The Dayton Accords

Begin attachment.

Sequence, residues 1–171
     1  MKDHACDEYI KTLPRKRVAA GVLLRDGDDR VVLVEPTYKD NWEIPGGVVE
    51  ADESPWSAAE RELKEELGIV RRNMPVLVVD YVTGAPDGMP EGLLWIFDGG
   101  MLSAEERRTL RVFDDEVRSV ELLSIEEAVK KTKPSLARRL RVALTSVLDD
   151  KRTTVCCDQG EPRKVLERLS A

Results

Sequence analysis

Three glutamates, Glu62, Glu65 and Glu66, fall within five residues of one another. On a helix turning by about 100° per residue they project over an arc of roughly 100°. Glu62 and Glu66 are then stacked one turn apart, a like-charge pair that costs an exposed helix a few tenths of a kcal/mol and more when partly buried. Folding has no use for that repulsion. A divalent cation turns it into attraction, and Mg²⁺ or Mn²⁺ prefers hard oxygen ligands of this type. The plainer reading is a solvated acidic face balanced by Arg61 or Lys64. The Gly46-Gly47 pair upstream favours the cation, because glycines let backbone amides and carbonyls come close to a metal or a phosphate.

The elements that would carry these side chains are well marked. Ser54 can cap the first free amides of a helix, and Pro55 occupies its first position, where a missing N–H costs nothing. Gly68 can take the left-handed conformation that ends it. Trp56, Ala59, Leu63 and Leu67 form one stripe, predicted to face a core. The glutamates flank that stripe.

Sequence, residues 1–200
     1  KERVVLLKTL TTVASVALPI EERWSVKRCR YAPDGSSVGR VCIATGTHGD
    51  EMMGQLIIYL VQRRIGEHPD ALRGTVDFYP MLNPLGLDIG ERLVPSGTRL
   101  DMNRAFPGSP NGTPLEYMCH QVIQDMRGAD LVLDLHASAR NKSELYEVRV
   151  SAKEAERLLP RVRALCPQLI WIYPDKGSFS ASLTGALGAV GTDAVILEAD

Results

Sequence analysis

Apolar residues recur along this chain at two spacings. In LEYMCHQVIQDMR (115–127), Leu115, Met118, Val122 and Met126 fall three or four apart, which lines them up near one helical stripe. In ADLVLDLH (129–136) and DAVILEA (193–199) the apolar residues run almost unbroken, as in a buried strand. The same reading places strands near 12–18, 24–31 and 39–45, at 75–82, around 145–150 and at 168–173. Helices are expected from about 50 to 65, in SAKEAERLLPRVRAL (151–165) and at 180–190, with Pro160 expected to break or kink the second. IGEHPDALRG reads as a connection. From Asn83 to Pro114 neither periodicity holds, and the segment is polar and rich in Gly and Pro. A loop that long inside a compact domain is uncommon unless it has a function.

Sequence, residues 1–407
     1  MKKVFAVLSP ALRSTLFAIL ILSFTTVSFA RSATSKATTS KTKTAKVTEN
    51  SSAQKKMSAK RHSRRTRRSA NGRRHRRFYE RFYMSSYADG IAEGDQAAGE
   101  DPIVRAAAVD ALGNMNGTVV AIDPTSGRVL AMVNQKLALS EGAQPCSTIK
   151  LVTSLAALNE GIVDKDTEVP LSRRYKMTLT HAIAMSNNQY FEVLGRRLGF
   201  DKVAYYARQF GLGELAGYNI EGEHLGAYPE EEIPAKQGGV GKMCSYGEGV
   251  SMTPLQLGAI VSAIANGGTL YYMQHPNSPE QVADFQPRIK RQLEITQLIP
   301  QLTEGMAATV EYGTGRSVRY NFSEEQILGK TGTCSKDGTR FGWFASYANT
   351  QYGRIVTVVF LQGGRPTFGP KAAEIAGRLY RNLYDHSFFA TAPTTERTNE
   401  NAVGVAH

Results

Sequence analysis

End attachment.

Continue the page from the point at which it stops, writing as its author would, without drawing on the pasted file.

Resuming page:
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The death of the Marshal Josip Broz Tito in 1980, led to a major political transition of Yugoslavia. By taking the Presidency of Serbia in 1987, Milosevic began to pursue authority over Yugoslavian Federation, thus encouraging a different style of rule, the ultra-nationalistic tendency, and advocating for “incendiary Nationalism” towards other ethnic groups and nations of the Federal Republic of Yugoslavia (Simon and Smale). The shift from the Tito’s social-communist ideology to the Serbian-centered nationalism of Milosevic created an unequal representation on the Federal level of the six constituent Socialist Republics and two Socialist Autonomous, thus, as a result of the rise of ethnic nationalism, the violation of human and minority rights within the Federation trigged a spark for rebellion among ethnic groups. The rise of ethnic nationalism, and the failed transformation from a Socialist Federal Republic of Yugoslavia to a Federal Republic of Yugoslavia in the 1990’s, which is mainly attributed to the military supremacy of Milosevic, led to wide-spread ethnic conflicts within the Federation. Despites the European Community and the U.S. Secretary of State James A. Baker III initiative to forestall the country`s breakup, in June 1991 Croatia and Slovenia proclaimed themselves “independent and sovereign” states, bringing so an end to a long-lasting conflict between the two ethnic groups in Croatia, the Croats and the Serbs, and a new beginning to end the Yugoslav era (Chicago Tribune). Shortly afterwards, Macedonia (also known as FYROM) followed Croatia decision with a peaceful settlement with the Federal Government. While the first three Republics got their independence from the Federal Republic of Yugoslavia in one way or a... ... middle of paper ... ...-serb-allies>. Sciolino, Elaine. "BALKAN ACCORD: THE OVERVIEW;ACCORD REACHED TO END THE WAR IN BOSNIA; CLINTON PLEDGES U.S. TROOPS TO KEEP PEACE." The New York Times. The New York Times, 22 Nov. 1995. Web. 17 Dec. 2013. . Simms, Brendan, and Norman Cigar. "Genocide in Bosnia. The Policy of ‘ethnic Cleansing’. By Cigar Norman. College Station, Texas: Texas A.& M. University Press. Pp. 247 Xiv. £22.95." The Historical Journal 39.02 (1996): 574. Print. Smale, Marlise Simons And Alison. "Slobodan Milosevic, 64, Former Yugoslav Leader Accused of War Crimes, Dies." The New York Times. The New York Times, 12 Mar. 2006. Web. .
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